The 25-year-long journey to bring a dictator to justice – Reed Brody came in to talk about his book To Catch a Dictator, The Pursuit and Trial of Hissène Habré. With a long career as a lawyer for Human Rights Watch, Reed tells the story of how he worked alongside victims and human rights groups in their quest for truth and accountability. This ended when the former Chad dictator was found guilty of rape, sexual slavery, and the killing of over 40,000 citizens in a hybrid tribunal in Senegal.
But besides the title of ‘dictator-hunter’ that the media (bless ’em) assigned to Reed’s life-long work, he highlights the work and strength of the victims, who “became characters in their own rights”. Reed tells how survivors of torture and sexual and gender-based violence showed up in court to speak directly to their offender.
Expanding the timeline, Reed explains how it was Nicaragua that got him interested in law during conflicts, while the trial of Chilean dictator Pinochet in London opened a whole new world of how to put dictators in the dock.
Stephanie and Janet also ask Reed how he sees the future. A key point for him is that lessons are always passed on and will inform the next cases, which is what he sees happening in his work in Gambia now. And that is the lesson also for hybrid tribunals, where a statute can be drawn up to fit its purpose, as the case of Hissène Habré shows.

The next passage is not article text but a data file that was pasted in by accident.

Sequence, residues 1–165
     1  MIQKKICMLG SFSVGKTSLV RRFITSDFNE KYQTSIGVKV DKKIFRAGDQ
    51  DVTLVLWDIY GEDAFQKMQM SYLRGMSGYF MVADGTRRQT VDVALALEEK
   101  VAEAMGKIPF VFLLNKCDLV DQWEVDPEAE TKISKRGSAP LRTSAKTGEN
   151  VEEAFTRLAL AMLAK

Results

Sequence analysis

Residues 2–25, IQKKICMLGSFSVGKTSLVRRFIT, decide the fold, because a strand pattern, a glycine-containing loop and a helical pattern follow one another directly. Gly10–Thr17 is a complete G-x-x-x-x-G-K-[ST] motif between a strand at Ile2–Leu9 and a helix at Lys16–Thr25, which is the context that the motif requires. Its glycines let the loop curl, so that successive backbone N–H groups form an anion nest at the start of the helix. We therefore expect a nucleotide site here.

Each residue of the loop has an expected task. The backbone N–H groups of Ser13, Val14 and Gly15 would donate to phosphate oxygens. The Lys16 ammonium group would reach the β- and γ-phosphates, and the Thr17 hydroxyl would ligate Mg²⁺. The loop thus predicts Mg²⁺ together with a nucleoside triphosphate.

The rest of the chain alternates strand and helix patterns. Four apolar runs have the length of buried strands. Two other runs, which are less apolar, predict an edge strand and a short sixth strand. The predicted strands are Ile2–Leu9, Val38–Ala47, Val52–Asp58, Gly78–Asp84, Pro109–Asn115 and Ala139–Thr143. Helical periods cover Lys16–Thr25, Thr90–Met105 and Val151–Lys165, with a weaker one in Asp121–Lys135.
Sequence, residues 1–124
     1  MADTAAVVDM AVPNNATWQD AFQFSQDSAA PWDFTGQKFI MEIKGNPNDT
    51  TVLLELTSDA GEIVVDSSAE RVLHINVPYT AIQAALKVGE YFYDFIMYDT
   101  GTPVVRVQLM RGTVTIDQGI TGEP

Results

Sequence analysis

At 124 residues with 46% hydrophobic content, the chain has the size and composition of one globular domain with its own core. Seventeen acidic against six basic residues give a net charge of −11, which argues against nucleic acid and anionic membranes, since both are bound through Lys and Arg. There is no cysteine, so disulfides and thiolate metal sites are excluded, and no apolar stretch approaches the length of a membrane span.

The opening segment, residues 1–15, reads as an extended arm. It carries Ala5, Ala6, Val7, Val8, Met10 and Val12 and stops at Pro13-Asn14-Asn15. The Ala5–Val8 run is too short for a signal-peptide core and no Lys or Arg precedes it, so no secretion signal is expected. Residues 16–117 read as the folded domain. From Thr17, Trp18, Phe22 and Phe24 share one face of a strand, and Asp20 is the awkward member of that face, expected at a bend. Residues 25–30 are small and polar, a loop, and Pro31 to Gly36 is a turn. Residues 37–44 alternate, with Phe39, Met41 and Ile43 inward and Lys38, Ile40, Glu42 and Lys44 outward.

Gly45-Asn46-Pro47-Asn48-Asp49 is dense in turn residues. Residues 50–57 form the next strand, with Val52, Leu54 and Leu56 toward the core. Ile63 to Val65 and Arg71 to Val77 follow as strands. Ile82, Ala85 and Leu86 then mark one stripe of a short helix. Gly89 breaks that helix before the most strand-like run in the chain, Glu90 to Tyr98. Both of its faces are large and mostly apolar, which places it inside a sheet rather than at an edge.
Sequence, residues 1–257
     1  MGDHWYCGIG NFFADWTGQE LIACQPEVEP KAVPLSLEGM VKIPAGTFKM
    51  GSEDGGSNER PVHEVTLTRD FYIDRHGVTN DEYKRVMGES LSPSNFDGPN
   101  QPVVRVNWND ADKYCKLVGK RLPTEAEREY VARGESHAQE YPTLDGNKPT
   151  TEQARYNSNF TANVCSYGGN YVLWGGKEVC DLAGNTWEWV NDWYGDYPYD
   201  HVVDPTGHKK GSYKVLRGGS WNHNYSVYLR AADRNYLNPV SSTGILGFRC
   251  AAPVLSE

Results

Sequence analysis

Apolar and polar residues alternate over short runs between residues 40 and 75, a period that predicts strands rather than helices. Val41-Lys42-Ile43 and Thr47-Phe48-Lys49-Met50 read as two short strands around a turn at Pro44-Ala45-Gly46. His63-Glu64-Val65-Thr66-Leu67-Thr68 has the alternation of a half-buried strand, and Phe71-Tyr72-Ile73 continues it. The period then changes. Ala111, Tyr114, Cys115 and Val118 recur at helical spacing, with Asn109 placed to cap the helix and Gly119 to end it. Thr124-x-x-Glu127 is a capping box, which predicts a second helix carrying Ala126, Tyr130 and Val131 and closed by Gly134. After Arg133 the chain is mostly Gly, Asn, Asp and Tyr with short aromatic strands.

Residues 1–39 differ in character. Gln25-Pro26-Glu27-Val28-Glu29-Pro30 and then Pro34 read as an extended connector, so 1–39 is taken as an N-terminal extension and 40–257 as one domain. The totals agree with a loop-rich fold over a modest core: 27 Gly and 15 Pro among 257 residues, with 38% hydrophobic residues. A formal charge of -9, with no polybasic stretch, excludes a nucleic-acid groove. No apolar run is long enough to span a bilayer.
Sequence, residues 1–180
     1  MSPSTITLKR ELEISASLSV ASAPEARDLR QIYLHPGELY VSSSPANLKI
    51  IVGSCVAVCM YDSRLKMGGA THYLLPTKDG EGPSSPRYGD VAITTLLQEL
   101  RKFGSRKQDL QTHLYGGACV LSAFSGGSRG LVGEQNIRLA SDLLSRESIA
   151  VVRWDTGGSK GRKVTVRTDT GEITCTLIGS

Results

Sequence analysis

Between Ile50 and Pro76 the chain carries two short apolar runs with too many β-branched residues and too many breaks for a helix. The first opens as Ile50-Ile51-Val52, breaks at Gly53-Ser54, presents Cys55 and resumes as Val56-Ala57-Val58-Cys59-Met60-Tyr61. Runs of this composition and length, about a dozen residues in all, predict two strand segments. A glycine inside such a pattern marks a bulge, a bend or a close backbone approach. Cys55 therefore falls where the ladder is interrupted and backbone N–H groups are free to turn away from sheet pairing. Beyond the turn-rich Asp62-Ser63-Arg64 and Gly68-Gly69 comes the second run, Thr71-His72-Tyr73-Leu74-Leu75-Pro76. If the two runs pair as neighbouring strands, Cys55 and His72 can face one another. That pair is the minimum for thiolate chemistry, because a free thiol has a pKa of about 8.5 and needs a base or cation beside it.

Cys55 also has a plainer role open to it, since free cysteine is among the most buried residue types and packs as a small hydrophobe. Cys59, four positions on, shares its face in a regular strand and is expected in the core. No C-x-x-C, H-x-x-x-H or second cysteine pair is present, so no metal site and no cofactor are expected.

First and foremost, we suggest reading Reed Brody’s To Catch a Dictator, The Pursuit and Trial of Hissène Habré. And watch Argentina 1985 to virtually join Reed, Janet, and Stephanie’s conversation.
This podcast has been produced as part of a partnership with JusticeInfo.net, an independent website in French and English covering justice initiatives in countries dealing with serious violence. It is a media outlet of Fondation Hirondelle, based in Lausanne, Switzerland.